A motion hearing for former University of Wisconsin student Alec Cook was held Thursday at the Dane County Courthouse.

The motions, both made by the defense, were to remove the notebook found in Cook’s apartment from evidence during trial and a change of venue.

During the hearing, the prosecuting attorney Christopher Liegel argued that the notebook, containing lists of women’s names, should be admissible as evidence during the trial because Cook gave consent to Detective Grant Humerickhouse to search his apartment in the presence of his attorney, Chris Van Wagner.

“The court has to determine to decide whether there was consent in this case what a typical, reasonable person would have understood the consent form to mean,” Liegel said.

First three of six trials against Cook scheduled for early 2018The dates of the first three trials and jury selection for former University of Wisconsin-Madison student Alec Cook’s 21-count case Read…

Cook’s other attorney, Jessa Nicholson, argued the notebook should not be admissible because the consent form Cook signed only approved of a search of the apartment and specific items, the notebook not being one of those items.

The contents of the notebook were seized because Detective Humerickhouse took pictures of the notebook, Nicholson said. These pictures were then part of the affidavit that provided the search warrant for the apartment.

“Diaries are extraordinarily private writings and the case [of Arizona v. Hicks] describes that private writings are typically not considered part of a limited scope of consent,” Nicholson said. “In fact, there was no request to search for writings here.”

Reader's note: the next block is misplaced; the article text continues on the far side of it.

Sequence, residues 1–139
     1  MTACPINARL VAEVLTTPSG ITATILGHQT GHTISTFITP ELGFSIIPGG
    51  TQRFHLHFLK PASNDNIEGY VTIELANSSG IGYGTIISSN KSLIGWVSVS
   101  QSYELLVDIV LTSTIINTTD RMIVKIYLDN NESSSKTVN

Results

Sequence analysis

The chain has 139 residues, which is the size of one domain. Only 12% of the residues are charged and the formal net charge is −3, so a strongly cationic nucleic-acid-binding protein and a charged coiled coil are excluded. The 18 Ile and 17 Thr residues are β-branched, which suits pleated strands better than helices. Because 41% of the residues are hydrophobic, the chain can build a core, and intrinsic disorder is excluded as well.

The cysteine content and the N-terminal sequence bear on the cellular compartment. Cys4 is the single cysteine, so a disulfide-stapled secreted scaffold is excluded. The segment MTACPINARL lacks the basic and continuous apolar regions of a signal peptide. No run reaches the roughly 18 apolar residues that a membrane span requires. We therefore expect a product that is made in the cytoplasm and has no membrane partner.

Cook’s 21-count case to be separated into six different trialsFormer University of Wisconsin student Alec Cook will now face seven different trials, a judge ruled Thursday. Originally, Cook was Read…

Van Wagner also argued a change of venue due to the publicity of the case. He said it would be very difficult to get a fair jury in this area and a change of venue would give the opportunity for a fair trial.

The media plays a strong role due to their language used throughout the case, Van Wagner said. He requested a jury pool from outside the Madison media area.

“There are myriad, inaccurate descriptions of the number of accusers and what the accusations are,” Van Wagner said.

The judges John Hyland and Stephen Ehlke granted the motion to move the case outside of Madison Friday afternoon. They gave no timeframe as to when the decision to exclude the diaries from evidence would be made.


Update 6:22 p.m.: This article has been updated to include Judges John Hyland and Stephen Ehlke granting the change of venue motion to outside of Dane County.